Girl, Interrupting

November 16, 2010

The dangers of unconscious bias

Filed under: rational thinking,science ethics — sylviamclain @ 12:55 pm
Tags: , ,

Its around us everywhere, unconscious bias, in the media, in the government infrastructure, in academia.

I have read several articles lately about bias and inequalities in academic science – such as a blog post “What women think” by Athene Donald which highlights, amongst other things that academic women might be less likely to be supported by their line managers and have a harder time getting promoted in a male dominated environment. Similarly, Imran Kahn has written an online article in which he expresses concern about higher education cuts leading to a decrease in diversity in scientific fields which are already predominantly ‘Pale, male and stale’.

In a seemingly non-related article – the Home office has announced a new ‘stop and search’ plan allowing the police to stop people based on what really seems to amount to racial profiling.

So could the new Conservative ‘Big Society’ in the UK, which is supposed to mean we all love each other, really signify an increase in gender and racial inequalities across all government departments?

Perhaps, but I also think that the people making these decisions probably don’t think they are doing anything of the kind. They probably think that this is just ‘common sense’ and has nothing to do with racial profiling or any sort of discriminatory bent. What it more likely signifies is unconscious bias. And everybody has unconscious bias, it is part of being human.

I was born during civil rights era in the not so deep South in the US, Martin Luther King Jr. was assassinated when I was about 6 months old. Growing up in the post-civil rights era, I learned that racism was uniformly bad, and a thing that was apparently perpetrated by many of my ancestors. This is a horrifying realization as a kid and you vow to yourself you will NEVER be a racist and I sincerely hope that in actual fact I am not.

But the other thing I learned is that legalities certainly don’t make racism just magically disappear. Just because the Civil Rights Acts (1965 and 1968) said ALL men (and women, but here I use men as these are the historical words ) are created equal and have certain unalienable rights to life, liberty and the pursuit of happiness, didn’t necessarily mean that racism evaporated in a puff a smoke, that there were group hugs all around and it was over. It’s much more complex than that.

In many people’s minds, racism is the KKK and sexism is people who just think women are dumber than men. Even though people that think and say things like this obviously do exist (such as Professor Richard Lynn), it is not very often we hear things this overt from day to day. It is worth noting that Prof. Lynn himself thinks he is just ‘observing the facts’ and talking common sense in a sort of ‘some of my best friends are women but…’ kind of way.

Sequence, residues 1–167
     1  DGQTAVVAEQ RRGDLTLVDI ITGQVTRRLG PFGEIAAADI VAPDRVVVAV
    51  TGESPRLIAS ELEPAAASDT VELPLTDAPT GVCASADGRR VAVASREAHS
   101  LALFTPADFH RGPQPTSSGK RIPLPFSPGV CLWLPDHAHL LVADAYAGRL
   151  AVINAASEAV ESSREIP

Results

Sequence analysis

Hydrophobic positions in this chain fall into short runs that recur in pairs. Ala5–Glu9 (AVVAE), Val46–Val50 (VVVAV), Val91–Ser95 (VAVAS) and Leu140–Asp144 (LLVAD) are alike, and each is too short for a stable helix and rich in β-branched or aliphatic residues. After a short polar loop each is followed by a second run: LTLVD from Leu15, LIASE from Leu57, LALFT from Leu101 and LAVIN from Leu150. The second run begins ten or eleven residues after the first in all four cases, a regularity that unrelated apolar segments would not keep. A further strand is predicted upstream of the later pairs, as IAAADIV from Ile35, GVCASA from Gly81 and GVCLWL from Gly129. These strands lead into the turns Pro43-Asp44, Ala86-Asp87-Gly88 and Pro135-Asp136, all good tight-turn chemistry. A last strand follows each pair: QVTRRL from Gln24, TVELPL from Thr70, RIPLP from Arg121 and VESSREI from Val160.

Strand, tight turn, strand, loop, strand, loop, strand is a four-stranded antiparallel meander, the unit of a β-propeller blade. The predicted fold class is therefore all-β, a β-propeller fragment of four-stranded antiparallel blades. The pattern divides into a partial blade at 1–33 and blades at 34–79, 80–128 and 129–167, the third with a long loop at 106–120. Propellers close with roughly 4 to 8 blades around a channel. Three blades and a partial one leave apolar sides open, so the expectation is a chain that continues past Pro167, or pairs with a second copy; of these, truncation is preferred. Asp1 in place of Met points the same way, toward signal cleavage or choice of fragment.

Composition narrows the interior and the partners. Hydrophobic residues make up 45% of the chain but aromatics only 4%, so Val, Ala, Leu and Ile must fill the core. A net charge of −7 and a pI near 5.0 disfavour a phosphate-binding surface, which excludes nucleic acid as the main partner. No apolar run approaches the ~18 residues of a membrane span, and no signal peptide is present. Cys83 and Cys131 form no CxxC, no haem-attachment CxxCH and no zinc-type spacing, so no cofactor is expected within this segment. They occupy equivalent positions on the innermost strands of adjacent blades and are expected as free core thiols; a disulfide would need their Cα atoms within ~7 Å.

It is rare for us to see bias in ourselves, and most people I think would say they are decidedly NOT racist (or any other ist). Because unconscious bias is unconscious.

I think most people that consider themselves rational, evidence-based, scientific, humanitarians believe that they are well free from any sort of unconscious bias. If you are trained as a scientist, you are trained to try and look at the facts as objectively as you can. This is easier said than done. Have you ever had to let go of a pet theory because it was wrong? This ain’t easy.

But what I find myself seeing over and over again in science blogs and rationalist thinking articles is lots of unconscious bias – against the very things that the authors believe are biased and intolerant themselves.

For instance, I saw recently in an article about atheism embedded in a science blog the following statement:

“One thing that always surprises and disgusts me about so-called christians is their willingness to hate those who have different beliefs than they; those with other faiths or (especially) no faith at all.”

In my mind, this is a pretty vitriolic statement about hatred and it is also not a universal truth, even though it is stated as if it is, which is a prime example of unconscious bias. I know plenty of Christians who do not ‘hate’ people with other beliefs but simply think that they are wrong and are rather more tolerant of different beliefs than some ‘rational-thinkers’ I know.

I have deliberately NOT included a link to this article because I don’t believe the author is being consciously overtly biased, and I am sure they don’t believe that they are. I am also certain that they have frustrations with many of the christians they have met.

I have to admit, I have a fear of fundamental foot-washing Baptists, the minute someone tells me they are a Baptist I not only want to run screaming but also have a full-set of preconceptions about what kind of person I think they are (some of it not so nice). But a healthy part of this reaction is my very own bias AGAINST people that have a particular belief I don’t agree with.

Bias is almost never overt, it is almost always covert and I think we should all take the time to stop and see where it comes from in ourselves before we condemn others for the very beliefs we have and often hate in ourselves.

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